Following on from the focus on mental health at the successful Electric Lunch event in Belfast earlier this year, the Electrical Industries Charity has again urged workers in the electrical sector to help those suffering from mental health issues.
The stigma of mental health issues is a serious barrier and one which the industry needs to overcome – both for adults and young apprentices. Mental health stigma can be a silent killer. In the electrical sector alone, around 200 construction workers commit suicide each year.
The Office of National Statistics showed that suicide is the biggest killer of young people aged 20-34 in the UK each year, which is greater than it has been for the past 10 years. In 2015 alone, 1,660 young people under 35 years old took their own lives; 58 more than the previously recorded highest figure.
An apprentice going through a rough patch needs support to allow progression and achieve a lifetime of productive and satisfying work. To help young people strive towards excellence in their chosen careers while assisting them in creating a brighter future for themselves, the Electrical Industries Charity has launched the Employee Assistance Programme, of which the Apprentice Support Programme is part.
The Apprentice Support Programme was designed to help young people in the electrical sector to deal with some of the key challenges that affect them as they embark on their chosen career path. The support services include debt management, financial assistance, counselling, support for carers, scholarships, apprentice bursary scheme, engineering scholarship, legal support, complex case management support and career development and transition assistance.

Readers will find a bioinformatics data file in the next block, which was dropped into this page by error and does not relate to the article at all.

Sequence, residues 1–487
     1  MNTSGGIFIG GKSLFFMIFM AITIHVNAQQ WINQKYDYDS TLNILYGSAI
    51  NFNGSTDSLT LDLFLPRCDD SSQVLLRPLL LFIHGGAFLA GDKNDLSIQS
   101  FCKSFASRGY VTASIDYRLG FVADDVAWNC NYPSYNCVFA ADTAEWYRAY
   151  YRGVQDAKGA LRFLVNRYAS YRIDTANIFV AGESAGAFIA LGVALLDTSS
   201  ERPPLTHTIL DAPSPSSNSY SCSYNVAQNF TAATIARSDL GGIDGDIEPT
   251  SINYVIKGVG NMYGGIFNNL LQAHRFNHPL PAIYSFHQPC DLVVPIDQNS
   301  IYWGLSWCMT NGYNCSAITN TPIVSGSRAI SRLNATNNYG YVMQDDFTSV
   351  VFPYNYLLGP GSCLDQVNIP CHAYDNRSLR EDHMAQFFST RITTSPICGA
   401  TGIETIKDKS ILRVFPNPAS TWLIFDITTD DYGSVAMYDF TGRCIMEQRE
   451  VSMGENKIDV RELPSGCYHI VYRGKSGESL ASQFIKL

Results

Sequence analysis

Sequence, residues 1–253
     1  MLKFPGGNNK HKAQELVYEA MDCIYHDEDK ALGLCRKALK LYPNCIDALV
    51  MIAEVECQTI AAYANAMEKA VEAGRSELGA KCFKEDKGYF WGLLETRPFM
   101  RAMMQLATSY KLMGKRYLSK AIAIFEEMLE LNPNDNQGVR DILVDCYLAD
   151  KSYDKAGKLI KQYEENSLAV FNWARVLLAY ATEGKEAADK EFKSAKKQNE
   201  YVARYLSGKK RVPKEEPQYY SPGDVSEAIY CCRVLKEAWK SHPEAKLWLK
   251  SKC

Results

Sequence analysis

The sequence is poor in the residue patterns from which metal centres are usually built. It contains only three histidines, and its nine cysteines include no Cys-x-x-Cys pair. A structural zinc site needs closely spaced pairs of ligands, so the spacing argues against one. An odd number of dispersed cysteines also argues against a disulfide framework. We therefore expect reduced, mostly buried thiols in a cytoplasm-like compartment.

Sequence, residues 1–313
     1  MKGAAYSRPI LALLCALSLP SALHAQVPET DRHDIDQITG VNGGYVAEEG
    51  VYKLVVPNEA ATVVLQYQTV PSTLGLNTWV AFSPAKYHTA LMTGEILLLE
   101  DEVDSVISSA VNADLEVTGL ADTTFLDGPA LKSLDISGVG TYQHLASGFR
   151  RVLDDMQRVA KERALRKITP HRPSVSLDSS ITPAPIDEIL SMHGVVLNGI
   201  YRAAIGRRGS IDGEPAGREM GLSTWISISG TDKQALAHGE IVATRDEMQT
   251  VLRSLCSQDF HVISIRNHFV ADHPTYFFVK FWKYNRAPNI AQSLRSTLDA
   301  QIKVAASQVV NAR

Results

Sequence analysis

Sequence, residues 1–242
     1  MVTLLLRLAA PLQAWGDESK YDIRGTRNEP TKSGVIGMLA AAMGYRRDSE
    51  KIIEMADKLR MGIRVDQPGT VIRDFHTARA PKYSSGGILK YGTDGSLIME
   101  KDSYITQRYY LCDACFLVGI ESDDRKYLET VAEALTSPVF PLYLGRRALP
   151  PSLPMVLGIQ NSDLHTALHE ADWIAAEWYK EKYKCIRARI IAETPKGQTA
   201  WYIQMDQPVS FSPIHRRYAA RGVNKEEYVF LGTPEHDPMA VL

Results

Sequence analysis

Early intervention and a solid support network can have a huge impact on young individuals who are struggling to reach their goals due to obstacles standing in their way. The Charity continuously offers that much-needed support to meet the challenges faced when starting out in a new career and achieve lifetime goals for the future.
The stigma of mental health issues is also prevalent in the adult workforce in the electrical sector. Time to Change’s ‘State of Stigma’ survey revealed that 90% of people with mental health problems are still experiencing some form of stigma, whether from friends and family or at work. The Electrical Industries Charity’s latest records show that, in the electrical sector only 5% of people share their problems with their partner.
To address these concerning figures, the Charity launched its Employee Assistance Programme which offers crucial support for people in our sector. In the past year, the Charity assisted over 4,000 people in the electrical sector who were in need of such assistance.
Sign up for the charity’s Employee Assistance Programme or Apprentice Support Programme and help to break the silence while ending the stigma of mental health issues in our sector.